Men with long noses and a harem of women
by Nikki McKee
The proboscis monkey (also known as the long-nosed monkey) is quite an interesting sight. Their long noses do look rather odd. It is the males that have the large and what you could call overgrown nose, the females noses are less so and are more pointed.
What is the point (pun intended) of the long nose that seems rather awkward? It’s all about impressing the ladies. It’s not necessarily a matter of the bigger the nose the more attractive the male, it’s more to do with the echo chamber the nose creates so that the call of the monkey is amplified. This is what impresses the ladies and at the same time intimidates other males.
When travelling down the Kinabatangan River in Borneo, you’re likely to see many groups of these interesting creatures. They live in harems with one dominant male, up to 7 females and their off spring. The group size ranges from about 10 to 30. They don’t stray far from the rivers edges and you’re most likely to spot them by the movement in the trees. 20 odd monkeys in a tree, jumping from tree to tree ruffles an otherwise still tree line on the waters edge. It is quite a comical sight to see how far they jump and how the young ones respond when they have taken on a jump that was a bit too far.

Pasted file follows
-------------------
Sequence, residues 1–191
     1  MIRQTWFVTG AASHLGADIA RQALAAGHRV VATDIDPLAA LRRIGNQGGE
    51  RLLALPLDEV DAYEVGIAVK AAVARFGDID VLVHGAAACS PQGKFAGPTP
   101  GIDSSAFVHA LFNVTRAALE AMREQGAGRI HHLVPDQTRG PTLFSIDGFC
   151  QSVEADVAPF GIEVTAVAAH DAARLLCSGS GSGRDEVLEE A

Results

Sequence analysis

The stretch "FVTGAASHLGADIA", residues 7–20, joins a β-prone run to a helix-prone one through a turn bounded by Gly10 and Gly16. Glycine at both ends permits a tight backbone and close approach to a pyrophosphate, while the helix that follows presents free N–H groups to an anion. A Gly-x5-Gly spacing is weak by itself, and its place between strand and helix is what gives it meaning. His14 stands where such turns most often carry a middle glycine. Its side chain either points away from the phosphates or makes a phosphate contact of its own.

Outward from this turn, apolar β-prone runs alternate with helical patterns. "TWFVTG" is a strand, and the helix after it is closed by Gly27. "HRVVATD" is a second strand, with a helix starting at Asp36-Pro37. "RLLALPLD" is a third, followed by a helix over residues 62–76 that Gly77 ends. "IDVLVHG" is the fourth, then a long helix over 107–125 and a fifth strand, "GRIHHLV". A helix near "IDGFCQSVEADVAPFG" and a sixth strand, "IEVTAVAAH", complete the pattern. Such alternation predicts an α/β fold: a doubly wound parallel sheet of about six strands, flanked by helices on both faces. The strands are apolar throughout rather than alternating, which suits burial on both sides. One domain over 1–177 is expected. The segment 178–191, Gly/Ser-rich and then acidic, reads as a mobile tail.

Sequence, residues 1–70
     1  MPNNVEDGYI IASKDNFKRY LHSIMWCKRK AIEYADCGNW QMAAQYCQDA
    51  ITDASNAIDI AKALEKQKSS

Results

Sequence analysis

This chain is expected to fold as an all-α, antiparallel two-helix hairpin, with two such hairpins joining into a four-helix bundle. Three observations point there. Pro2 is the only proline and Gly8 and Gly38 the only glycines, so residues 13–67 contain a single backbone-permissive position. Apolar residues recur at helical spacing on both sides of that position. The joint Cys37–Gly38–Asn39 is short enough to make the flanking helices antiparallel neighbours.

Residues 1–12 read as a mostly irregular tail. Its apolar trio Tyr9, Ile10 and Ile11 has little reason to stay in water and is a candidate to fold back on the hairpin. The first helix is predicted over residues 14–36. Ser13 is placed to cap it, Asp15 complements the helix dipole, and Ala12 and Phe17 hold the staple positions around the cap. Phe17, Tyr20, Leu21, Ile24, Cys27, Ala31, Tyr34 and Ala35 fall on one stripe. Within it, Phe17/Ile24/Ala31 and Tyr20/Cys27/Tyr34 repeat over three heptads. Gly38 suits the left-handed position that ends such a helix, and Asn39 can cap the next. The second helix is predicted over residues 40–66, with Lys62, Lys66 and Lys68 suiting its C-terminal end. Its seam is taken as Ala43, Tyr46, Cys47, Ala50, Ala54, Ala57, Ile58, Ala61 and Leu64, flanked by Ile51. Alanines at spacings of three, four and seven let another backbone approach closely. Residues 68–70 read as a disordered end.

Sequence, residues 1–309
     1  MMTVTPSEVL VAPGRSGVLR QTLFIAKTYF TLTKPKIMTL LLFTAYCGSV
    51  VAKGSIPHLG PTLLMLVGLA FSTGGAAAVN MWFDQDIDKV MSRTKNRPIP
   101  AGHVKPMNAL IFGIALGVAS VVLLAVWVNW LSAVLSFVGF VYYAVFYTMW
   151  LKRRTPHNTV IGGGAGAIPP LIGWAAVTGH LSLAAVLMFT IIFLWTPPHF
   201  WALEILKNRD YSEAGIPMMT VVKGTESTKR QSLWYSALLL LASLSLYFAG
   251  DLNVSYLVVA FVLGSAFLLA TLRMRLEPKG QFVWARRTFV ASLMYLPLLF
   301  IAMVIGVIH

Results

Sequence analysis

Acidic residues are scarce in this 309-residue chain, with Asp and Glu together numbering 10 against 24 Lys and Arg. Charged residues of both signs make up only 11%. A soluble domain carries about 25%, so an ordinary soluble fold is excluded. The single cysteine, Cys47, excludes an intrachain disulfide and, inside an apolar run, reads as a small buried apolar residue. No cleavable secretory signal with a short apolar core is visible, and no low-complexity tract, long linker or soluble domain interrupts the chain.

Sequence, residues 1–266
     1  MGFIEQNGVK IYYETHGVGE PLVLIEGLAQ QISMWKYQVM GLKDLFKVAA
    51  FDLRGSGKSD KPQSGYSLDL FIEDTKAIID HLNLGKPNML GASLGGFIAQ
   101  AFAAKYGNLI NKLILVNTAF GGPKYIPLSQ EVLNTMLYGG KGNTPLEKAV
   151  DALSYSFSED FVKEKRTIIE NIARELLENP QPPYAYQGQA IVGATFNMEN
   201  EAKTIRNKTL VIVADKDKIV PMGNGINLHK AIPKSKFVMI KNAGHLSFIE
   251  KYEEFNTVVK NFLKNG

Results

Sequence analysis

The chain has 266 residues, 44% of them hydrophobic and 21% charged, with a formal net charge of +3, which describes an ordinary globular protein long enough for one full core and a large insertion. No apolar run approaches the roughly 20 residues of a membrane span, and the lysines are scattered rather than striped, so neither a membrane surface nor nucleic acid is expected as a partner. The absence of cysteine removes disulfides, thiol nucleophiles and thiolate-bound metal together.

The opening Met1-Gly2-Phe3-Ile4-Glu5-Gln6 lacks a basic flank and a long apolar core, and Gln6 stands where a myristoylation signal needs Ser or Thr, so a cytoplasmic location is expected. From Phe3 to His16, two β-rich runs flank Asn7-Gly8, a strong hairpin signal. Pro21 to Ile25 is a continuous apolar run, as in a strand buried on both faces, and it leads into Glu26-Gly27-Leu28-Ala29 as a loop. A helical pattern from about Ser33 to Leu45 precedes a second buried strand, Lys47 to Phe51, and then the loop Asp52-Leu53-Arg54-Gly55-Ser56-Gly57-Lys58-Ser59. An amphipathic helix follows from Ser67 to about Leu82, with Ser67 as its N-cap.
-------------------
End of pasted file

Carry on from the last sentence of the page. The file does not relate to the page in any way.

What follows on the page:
Not many monkeys can swim and in fact in some zoos it is common for water to be used to “fence” the monkeys in. But the proboscis monkeys can swim quite well and have even been known to outpace crocodiles. Crocodiles can often be seen waiting patiently at the waters edge waiting for a wandering monkey to come by.
In Borneo, the Proboscis Monkey is classed as an endangered species and is now protected. Loss of habitat and vegetation are the main cause. Yet cruising the Kinabatangan river you would not know they are endangered. They make for quite an entertaining cruise and you can’t help but smile and be fascinated when you see these creatures in the wild.
Big thanks to Travelbay customer Kerry Raymont for sharing photos 2, 3, 4, 5 and 6 with us on her return from Borneo.
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